September 27, 2018
The fabrication assignment for week 4 was to fabricate an enclosure for an electronic device. I decided to combine this assignment with my Introduction to Physical Computing project by building an enclosure for my sumo circuit game.
My project’s origin began where it normally does, in the junk shelf. I found two computer speakers and opened them up to see what kind of electronic device could fit into it. I couldn’t comfortably fit my Arduino in the existing speaker case, so I decided to take the speakers and use them to power a sound-influenced sumo ring.
To test whether the soundwaves would be strong enough to move game pieces on the ring, I composed a quick circuit that emitted tones and stretched a latex glove over a speaker (video demo). After I had a an Arduino program and speakers that could move game pieces using sound, I used the most ubiquitous and cheapest material in the shop to build my first prototype — cardboard. This prototype would put a sumo ring frame on top of another frame holding the two speakers, allowing the soundwaves to pulse through the stage. The players then control the speakers’ tones using potentiometers.
Unfortunately, my measurement skills could be improved on (reminders to self: straight-edges aren’t perfect, the laser isn’t 100% accurate, invest in digital calipers). But since there’s so much cardboard in the shop, I laser cut another frame to hold the speakers without lasered drill holes. I used a hand drill to make the speakers’ drill holes for this second attempt.
Once the ring’s speaker cover prototype was finished in cardboard, I had it user tested (video) by my classmate Mark. His feedback that the circular ring should be drawn onto a flat surface instead of cut into the frame to allow the game pieces to freely move beyond the boundary caused me to produce a third cardboard ring top cover prototype.
Following this test, I purchased a plywood sheet from Blick to build the next prototype out of a sturdier material. I then did some test laser cuts to identify the proper settings to engrave/cut the wood into the sumo ring components and drill hole sizes for the control panel.
Once I was comfortable with the settings and drill hole sizes I started to cut and engrave the sumo ring components. I started with the frame to hold the speakers. And because my previous inaccurate measurement experience with laser cutting the speaker’s drill holes, I went straight to hand drilling after cutting holes for the speakers.
I then soldered my control panel components because I knew that regardless of the enclosure’s bottom form, the control panel components would have to wire down to the Arduino and breadboard. I attempted to use a heat shrink tubing on the soldering connecting the speakers’ existing wires to new, longer wires, but realized that the tubing was too wide to properly protect the connection.
After the speaker frame and control panel components were ready, I then started laser cutting the top sumo ring control panel frame. I laser cut pilot holes into the control panel because I still believed the laser cutter to be inaccurate after my cardboard prototype experience. This caused me to also test expanding these laser cut pilot holes on a sacrificial piece made of the same wooden material.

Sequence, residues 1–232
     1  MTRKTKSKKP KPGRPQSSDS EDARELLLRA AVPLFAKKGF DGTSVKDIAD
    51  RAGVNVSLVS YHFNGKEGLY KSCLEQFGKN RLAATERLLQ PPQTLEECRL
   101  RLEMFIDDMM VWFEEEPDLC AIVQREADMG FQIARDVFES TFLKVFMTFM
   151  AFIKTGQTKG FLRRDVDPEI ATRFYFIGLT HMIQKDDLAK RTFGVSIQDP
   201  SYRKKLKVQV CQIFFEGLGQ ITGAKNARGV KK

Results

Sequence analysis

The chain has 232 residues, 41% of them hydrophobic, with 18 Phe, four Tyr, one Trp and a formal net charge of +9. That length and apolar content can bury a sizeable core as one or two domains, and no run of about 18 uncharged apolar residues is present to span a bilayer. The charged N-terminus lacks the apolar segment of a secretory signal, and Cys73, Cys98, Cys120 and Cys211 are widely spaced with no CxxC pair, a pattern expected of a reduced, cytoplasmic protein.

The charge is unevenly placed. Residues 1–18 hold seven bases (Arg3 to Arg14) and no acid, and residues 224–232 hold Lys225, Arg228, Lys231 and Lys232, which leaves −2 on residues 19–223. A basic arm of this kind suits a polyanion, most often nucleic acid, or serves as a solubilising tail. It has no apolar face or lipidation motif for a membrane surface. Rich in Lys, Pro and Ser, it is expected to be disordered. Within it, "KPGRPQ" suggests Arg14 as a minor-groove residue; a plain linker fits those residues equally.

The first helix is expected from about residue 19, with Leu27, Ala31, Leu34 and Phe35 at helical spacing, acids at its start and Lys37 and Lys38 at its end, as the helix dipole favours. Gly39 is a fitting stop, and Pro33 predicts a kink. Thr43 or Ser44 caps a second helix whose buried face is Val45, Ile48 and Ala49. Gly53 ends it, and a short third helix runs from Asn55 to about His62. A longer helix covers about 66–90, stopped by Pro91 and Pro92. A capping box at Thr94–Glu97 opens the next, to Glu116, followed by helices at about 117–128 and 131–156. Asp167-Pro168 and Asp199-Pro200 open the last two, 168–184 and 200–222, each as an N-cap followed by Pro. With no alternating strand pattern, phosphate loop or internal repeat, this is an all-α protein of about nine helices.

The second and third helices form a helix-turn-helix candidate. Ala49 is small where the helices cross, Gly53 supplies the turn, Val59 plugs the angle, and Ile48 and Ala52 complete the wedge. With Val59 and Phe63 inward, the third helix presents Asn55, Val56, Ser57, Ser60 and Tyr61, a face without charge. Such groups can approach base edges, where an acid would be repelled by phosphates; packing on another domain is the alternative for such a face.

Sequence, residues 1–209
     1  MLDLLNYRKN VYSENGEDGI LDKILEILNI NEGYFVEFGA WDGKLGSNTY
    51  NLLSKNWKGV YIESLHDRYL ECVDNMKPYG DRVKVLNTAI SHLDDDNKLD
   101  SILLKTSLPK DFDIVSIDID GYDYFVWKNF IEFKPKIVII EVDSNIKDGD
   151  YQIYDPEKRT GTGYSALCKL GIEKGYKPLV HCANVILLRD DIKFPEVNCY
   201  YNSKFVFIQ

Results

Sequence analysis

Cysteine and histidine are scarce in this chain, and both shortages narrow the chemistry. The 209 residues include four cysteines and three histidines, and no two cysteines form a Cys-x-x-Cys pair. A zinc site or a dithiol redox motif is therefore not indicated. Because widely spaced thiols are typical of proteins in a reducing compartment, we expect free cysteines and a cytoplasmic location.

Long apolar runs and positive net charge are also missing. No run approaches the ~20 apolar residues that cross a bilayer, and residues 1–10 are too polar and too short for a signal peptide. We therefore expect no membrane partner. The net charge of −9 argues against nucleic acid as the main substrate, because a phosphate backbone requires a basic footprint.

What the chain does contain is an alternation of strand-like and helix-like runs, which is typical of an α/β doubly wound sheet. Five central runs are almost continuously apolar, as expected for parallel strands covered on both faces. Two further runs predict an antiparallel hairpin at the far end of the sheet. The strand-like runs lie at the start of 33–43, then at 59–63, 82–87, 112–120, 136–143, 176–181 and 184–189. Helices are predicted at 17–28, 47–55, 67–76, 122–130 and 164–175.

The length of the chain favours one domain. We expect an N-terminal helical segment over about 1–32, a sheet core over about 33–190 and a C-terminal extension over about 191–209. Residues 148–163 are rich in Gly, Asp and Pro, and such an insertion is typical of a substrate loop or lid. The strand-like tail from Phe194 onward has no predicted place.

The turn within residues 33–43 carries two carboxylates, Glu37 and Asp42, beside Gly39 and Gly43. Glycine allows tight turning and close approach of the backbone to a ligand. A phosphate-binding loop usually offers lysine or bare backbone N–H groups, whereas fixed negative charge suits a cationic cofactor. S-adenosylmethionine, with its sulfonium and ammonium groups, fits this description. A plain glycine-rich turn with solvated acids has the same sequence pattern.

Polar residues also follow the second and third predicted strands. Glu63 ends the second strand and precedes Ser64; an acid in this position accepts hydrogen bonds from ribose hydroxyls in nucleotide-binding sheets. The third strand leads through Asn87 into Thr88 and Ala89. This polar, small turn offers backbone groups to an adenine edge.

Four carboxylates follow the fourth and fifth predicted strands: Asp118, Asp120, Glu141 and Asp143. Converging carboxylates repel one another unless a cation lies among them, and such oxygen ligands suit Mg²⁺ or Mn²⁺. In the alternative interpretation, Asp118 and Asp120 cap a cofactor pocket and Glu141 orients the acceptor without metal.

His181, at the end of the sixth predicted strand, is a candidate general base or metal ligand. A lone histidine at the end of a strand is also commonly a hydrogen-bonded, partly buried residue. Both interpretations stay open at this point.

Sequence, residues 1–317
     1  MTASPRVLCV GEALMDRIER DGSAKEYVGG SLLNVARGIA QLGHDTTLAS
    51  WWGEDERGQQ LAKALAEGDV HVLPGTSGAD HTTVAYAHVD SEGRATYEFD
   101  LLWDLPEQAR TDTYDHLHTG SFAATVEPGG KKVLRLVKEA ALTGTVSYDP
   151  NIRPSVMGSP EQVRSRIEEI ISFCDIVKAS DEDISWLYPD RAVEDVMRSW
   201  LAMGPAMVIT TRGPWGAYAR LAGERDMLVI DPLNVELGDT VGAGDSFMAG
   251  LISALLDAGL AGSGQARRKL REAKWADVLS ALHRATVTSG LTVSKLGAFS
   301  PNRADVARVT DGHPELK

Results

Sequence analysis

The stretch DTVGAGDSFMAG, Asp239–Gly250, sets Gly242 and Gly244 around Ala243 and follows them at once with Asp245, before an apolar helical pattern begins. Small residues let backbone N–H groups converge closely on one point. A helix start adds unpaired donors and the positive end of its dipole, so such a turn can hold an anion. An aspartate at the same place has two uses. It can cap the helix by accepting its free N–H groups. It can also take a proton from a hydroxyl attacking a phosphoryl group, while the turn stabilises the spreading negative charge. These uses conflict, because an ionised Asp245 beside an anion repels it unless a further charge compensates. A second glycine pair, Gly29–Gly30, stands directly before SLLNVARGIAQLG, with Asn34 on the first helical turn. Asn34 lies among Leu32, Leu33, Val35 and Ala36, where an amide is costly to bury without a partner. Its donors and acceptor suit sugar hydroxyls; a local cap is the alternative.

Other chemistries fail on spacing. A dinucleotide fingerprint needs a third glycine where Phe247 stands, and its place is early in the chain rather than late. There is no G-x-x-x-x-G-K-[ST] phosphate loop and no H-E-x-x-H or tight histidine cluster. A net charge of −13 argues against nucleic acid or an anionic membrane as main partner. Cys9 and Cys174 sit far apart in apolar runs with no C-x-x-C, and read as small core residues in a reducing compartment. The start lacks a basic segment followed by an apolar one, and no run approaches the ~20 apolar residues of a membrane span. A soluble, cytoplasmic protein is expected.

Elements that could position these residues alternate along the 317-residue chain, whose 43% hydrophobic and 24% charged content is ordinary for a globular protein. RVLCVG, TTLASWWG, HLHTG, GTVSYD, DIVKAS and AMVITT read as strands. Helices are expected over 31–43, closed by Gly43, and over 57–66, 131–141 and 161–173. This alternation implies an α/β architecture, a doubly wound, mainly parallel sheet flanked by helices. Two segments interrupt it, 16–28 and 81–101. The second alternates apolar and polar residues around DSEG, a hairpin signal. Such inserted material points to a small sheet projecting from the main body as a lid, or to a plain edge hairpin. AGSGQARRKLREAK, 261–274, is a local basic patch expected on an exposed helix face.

It didn’t go so well. Plus, Ben noted that I’ll want to have some padding between the top ring frame and the speaker frame, otherwise the ring will rest on the speakers and dampen the vibrations. But the frames were too thick for the control panel component threads to be exposed, so I had to make holes in the bottom frames that were wide enough to fit the entire component. Creating these holes cause the middle, padding panel to break, so I glued the remaining pieces to the speaker frame.
I then used the laser cutter to produce a new top ring frame — this time with laser cut control panel holes (whose sizes were tested on a test piece before) and additional engraved control panel labels (thanks Ben for that feedback).
The prototype at this point still lacked a bottom and sides to enclose everything. So I did a quick box prototype using cardboard.
But building this box in wood was going to take more time and the acoustic effects of the complete enclosure, as Ben noted, remained untested. So to keep things simple, I found a plastic bin at Muji that had enough space for the circuit components, holes to snake the control panel wires through, and rigid enough to withstand the speakers’ vibrations.
The last part to assemble were the game pieces. Dana gave me the idea of using cotton balls instead of the paper balls I used in previous prototypes. ITP’s soft lab had cotton ball, fluffy-like, colorful materials, so I tried different shapes to see which moved the best across the ring.
Finally, after countless hours and one late Tuesday night in the shop, the prototype enclosure was done (video).
Some thoughts if I were to continue iterating on this project:
NYU ITP documentation blog.
Words are my own.